0.00 Karl Biscuit – “La Morte”
French ballet artist that got exposed to the Brussels electro scene of the early 80s. Kind of witty and unsettling at the same time, but nonetheless an intriguing figure.

3.45 Nash the Slash – “Swing Shift”
A curious act that could be seen as the one and truly electronic shock rocker, Nash combined a striking appearance with the use of rhythm box, electric viola and his ultimate axe – an uncanny guitar tone from his Mini Moog. Never compromising.

7.55 David Van Tieghem – “These Things Happen”
What if hip hop was made in a mad scientist laboratory? What could it have evolved into? Maybe something out of this world by out of box rythmatist Adrian Belew armed with sticks, pots and a Fairlight.

12.30 Click Click – “Is This It?”

These lads were taking cues from new beat but combining them with something the fair sex or skinny puppy would come up with – but click has definitely the edge with a more structured sound instead of the brute approach. One of my favourites in the industrial genre.

17.31 Jo Lemaire – “Saint” 

A Belgian artist that single-handedly defined what would become emo-synthpop with the reworking of a Gainsbourg song in 1981. Saint comes from her 1983 solo album featuring brooding memory Moog with a passionate vocal, nighttime perfection.

21.53 Eddie Jobson – “The Sojourn”
With its exquisite use of synth clavier, Jobson’s Theme of Secrets album remains one of the most refined in electronic music. Incredible depth and moving spiralling patterns of electronic bliss, released in 85 on the private music label it certainly wasn’t new age to my ears and has stood the test of time.

28.00 Roger Powell – “Sands Of Arrakis”
He was one of the very first using digital synthesizers and developing his own pioneer music software. While definitely prog rock in approach, the keyboard work is stunning as showcased on Sands Of Arrakis. Intricate analog fairy dust for the space age.

33.18 Savage Progress – “Hip Parade” 

Purveyors of what Thomas Dolby ones called the krr krr sound, this outfit combined tribal vibes with the atmospheric sounds a ppg wave does so well. “Heart Begin to Beat” is the 12 inch but it is this track that captures the elements that early new beat would define .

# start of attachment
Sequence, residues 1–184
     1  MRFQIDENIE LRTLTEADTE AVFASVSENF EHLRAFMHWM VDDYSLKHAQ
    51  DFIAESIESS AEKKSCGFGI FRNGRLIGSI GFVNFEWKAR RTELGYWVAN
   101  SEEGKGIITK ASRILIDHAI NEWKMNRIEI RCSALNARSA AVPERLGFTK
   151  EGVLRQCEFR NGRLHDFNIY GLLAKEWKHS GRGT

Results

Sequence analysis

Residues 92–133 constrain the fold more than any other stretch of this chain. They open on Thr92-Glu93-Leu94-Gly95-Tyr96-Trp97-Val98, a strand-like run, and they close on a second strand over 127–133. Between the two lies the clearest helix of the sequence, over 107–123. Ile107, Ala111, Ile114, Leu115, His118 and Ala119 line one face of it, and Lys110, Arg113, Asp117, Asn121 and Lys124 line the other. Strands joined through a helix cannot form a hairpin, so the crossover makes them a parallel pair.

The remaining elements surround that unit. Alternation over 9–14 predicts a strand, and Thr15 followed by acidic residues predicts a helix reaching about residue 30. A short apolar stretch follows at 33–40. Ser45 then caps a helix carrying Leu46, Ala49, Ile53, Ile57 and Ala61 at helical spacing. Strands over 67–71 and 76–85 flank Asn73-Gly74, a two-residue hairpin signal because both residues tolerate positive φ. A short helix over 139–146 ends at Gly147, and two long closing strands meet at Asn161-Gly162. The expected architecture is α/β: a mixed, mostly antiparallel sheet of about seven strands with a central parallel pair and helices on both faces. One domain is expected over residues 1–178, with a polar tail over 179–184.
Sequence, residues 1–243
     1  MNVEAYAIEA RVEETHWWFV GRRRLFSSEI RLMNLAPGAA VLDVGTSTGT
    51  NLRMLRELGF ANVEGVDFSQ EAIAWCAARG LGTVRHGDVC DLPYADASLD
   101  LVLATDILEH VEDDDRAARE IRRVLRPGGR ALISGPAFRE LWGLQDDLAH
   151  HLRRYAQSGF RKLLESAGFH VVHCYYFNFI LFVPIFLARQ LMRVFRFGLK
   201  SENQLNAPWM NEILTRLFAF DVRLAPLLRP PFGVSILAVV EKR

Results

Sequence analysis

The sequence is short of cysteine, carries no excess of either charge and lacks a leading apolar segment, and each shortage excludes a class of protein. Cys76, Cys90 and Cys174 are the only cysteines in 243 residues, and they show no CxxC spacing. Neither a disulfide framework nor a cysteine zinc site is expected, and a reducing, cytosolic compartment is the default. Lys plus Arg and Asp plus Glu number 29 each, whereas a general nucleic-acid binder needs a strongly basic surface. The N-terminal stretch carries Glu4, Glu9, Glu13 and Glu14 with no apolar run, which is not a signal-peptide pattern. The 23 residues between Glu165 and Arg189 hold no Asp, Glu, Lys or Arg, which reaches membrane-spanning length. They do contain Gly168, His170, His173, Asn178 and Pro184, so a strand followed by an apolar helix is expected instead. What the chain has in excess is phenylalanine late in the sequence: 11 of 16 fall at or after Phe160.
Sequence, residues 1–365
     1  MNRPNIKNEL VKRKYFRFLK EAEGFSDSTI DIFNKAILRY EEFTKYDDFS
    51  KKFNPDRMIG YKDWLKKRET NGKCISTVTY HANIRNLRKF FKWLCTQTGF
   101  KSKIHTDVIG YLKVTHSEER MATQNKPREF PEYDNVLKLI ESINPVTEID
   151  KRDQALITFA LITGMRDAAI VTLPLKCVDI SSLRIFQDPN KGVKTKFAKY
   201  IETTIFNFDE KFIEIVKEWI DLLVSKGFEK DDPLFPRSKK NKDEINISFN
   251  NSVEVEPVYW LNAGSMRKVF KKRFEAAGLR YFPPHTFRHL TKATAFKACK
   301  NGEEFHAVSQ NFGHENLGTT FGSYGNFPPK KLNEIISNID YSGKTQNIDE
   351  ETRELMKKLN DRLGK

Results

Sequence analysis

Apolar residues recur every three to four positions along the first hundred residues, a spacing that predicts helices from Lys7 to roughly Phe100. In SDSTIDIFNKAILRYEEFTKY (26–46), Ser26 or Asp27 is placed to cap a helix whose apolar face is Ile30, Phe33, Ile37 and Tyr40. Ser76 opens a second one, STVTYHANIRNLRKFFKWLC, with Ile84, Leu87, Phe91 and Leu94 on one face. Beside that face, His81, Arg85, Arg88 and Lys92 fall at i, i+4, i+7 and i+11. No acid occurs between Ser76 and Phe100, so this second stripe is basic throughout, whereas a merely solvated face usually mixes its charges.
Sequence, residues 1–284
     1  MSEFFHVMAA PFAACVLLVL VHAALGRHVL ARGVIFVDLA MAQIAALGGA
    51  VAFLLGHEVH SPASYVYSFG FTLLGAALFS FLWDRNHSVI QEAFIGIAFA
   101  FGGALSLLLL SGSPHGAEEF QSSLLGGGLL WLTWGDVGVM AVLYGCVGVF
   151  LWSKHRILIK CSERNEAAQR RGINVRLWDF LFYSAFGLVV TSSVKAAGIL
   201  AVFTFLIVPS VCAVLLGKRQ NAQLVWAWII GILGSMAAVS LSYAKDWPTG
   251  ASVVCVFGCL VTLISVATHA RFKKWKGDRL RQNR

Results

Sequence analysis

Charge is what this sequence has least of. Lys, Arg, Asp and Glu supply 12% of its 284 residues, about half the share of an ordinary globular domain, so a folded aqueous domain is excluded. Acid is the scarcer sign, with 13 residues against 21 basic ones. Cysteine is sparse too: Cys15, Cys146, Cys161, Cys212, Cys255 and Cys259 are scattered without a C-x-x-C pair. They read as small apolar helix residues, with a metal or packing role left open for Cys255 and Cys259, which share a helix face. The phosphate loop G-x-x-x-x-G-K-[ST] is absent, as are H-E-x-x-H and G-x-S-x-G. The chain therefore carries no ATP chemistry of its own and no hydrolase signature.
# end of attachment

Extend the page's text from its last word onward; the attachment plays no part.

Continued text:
35.50 Tonic – “Marilyn en Jean”
Belgium was quite an early adaptor in the use of electronic instruments mainly because of the lack of musical heritage which resulted in a out of the box mindset. Tonic’s quirky bubblegum electropop made it onto the soundtrack of the movie Zaman but it is this stunning Marilyn en Jean remains one of the unsung Belsynth classics of the early 80s.

39.02 Clock DVA – “Cycom”
1977’s Demon Seed was one of the first movies to touch on the subject of artificial intelligence going haywire. Clock DVA captures and underpins the narrative of the novel.

43.00 Wire – “Ahead”
Intellectual, quirky but above all in its own universe is how I describe the music of Wire. While not strictly electronic their tracks always struck a nerve with me. A Bell Is a Cup is a timeless album.

46.00 Serge Blenner – “Expansion 2” 

Blenner is one of a lost neoclassic romanticism and the futurist movement, heavily reliant on the complete range of ppg synthesizers, it is of a unique purity that gets more embellished in its follow up albums.

49.22 Kiem – “Do The Loo” 

The electronic manifesto for one of mankind's important daily habits, an interesting dadaist approach to synth music by this Dutch band, a bagpipe like korg ms and monopoly and weighty taurus bass being in counterpoint with the witty lyrics .

54.09 Fashion – “Street Mechanic”
Zeus B. Held caught my interest in the Moroder dominated electro disco with the leftfield avant garde of his Gina X project. This stripped version displays cunning use of vocoders and swirly Rolands fading in and out. It’s quite something to b held.